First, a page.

The report is filled with jargon. In some places, the text is impenetrable. In many places, the report fails to provide basic explanatory text to set the context for its recommendations. It does a poor job of documenting the High Peaks Wilderness problems and explaining how its recommended actions will meet these challenges. The report is aimed at a population who is well-versed in the problems and challenges facing the High Peaks and who already think about ways to improve the region’s stewardship and management. The strength of the report is the sheer quantity and depth of its recommendations, of which I count a total of 150, that call for action.
There’s a lot in the report, far too much to distill in one article. (Editor’s note: click here to see the Explorer’s coverage on the report’s release.) This piece is the first of seven articles that will examine the HPAG report’s ideas, both those newly hatched by the report and those that have been around for a while, which the report kindly showcased. The purpose of this series is to not just distill the report’s recommendations but also to try and promote the full suite of issues that are vital for improving the management of High Peaks Wilderness. At this point in the history of the Adirondack Park, it would be a crime for these ideas to be ignored.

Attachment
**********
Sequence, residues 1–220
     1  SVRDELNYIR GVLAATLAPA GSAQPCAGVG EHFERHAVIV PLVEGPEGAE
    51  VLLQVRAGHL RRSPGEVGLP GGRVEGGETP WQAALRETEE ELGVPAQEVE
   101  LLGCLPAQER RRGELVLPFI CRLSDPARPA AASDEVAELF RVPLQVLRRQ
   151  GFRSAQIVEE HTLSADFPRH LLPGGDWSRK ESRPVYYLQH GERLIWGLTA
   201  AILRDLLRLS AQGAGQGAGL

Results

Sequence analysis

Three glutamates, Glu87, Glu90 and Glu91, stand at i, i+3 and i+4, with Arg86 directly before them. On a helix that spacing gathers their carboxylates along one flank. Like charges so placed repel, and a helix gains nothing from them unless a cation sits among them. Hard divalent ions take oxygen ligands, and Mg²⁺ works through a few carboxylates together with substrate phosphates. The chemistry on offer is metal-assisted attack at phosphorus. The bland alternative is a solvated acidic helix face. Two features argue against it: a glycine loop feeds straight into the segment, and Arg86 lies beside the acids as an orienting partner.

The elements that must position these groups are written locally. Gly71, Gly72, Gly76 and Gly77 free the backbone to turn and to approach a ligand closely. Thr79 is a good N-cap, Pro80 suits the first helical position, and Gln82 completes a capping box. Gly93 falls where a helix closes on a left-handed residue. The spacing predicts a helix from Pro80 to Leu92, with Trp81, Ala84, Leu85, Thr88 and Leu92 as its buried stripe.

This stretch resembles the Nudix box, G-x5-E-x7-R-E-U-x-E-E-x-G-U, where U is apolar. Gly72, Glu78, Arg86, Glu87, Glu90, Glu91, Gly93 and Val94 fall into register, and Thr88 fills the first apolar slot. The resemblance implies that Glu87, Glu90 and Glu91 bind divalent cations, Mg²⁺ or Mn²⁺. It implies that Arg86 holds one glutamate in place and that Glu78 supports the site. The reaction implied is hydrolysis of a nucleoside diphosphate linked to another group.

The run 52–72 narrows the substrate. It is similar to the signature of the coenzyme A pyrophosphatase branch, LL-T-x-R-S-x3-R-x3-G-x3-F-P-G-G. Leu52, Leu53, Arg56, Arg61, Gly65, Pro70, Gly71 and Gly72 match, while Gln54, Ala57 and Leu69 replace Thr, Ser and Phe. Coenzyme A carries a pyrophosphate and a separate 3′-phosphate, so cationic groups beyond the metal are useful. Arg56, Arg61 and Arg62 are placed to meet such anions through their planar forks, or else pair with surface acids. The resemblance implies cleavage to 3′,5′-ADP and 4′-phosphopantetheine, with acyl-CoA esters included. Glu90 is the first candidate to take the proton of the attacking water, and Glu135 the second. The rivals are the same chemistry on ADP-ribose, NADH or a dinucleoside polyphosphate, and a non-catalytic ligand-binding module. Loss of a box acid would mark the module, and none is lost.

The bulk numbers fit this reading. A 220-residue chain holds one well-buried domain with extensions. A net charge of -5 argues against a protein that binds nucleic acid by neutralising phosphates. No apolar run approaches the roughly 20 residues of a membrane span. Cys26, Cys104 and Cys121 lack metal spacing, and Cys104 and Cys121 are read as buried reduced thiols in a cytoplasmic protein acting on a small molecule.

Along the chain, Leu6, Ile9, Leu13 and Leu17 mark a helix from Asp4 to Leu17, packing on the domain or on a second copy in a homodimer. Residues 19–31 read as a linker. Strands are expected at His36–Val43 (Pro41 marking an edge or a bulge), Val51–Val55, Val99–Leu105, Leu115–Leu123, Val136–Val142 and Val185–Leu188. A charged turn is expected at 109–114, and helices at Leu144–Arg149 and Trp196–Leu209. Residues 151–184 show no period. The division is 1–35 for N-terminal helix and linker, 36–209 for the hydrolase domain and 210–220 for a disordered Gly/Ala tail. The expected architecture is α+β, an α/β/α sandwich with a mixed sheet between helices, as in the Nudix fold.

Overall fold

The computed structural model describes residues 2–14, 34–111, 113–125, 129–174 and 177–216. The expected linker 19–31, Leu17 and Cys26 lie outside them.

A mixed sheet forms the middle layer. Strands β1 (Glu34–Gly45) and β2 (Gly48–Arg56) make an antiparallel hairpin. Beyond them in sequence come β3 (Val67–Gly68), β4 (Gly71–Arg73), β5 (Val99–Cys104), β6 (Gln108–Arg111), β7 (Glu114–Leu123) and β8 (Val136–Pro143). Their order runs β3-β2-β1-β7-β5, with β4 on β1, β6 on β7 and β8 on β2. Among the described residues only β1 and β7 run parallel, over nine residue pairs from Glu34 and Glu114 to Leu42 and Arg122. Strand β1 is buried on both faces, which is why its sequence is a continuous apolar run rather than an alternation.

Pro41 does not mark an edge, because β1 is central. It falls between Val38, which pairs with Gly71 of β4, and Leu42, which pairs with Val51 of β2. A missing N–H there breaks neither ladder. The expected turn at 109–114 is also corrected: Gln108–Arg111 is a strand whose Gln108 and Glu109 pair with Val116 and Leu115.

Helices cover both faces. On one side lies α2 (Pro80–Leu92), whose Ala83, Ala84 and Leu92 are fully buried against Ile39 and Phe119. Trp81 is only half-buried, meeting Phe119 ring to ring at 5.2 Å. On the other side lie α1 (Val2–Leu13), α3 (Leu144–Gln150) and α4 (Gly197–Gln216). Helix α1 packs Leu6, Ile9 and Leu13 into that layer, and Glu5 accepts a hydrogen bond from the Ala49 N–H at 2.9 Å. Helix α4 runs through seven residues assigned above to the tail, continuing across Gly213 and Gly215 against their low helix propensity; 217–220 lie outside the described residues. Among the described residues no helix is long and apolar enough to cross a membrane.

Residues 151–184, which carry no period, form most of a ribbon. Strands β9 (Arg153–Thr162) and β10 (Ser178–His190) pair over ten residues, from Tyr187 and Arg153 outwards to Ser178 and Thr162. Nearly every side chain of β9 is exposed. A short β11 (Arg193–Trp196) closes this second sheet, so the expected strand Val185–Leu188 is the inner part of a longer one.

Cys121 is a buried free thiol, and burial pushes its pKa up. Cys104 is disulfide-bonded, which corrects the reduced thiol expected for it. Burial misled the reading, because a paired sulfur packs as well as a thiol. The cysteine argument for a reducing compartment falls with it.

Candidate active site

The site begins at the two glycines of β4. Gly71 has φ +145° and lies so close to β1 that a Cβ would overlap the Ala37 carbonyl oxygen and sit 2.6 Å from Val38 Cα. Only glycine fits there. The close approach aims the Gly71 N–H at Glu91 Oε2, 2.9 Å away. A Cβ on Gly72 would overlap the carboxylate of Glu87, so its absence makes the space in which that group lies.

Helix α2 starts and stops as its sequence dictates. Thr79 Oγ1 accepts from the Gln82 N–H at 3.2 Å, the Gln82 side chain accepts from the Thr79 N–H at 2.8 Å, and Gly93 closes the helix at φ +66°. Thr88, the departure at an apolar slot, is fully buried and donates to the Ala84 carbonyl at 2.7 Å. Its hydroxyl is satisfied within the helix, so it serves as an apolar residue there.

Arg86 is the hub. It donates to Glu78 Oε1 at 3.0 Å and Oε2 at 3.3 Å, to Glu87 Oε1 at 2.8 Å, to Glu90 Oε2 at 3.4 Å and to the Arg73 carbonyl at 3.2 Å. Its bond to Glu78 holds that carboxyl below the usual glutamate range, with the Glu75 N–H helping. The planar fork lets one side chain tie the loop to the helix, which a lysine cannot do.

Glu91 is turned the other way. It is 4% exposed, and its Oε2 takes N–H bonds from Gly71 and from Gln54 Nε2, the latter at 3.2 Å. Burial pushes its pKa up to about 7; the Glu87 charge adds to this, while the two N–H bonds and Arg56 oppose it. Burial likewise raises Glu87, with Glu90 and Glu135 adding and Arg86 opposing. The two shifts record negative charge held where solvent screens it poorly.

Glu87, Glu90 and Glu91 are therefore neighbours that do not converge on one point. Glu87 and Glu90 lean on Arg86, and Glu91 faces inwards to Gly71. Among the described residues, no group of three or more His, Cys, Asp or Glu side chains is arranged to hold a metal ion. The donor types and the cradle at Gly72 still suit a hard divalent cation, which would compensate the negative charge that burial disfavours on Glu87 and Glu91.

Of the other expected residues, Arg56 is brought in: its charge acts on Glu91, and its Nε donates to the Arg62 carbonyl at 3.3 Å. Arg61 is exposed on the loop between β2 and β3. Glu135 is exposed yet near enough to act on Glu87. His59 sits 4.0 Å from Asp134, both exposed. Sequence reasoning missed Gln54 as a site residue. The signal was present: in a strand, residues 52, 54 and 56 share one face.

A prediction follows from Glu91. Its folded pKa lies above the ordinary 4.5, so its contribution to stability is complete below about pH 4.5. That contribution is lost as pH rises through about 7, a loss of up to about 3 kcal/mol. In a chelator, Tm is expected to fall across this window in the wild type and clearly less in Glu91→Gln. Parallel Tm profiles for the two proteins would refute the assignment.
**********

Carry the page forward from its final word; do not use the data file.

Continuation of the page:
What’s most interesting in this report is that it recommends, ever so politely, to scrap the existing management framework of the DEC and APA in favor of a new bureau or division or unit that will somehow shake free of the bureaucratic shackles of DEC-APA to foster much better stewardship and management of the High Peaks. That is one way to do it. Another would be to fix the APA and DEC. The report focuses on the safer route of creating something new rather than trying to fix what’s broken.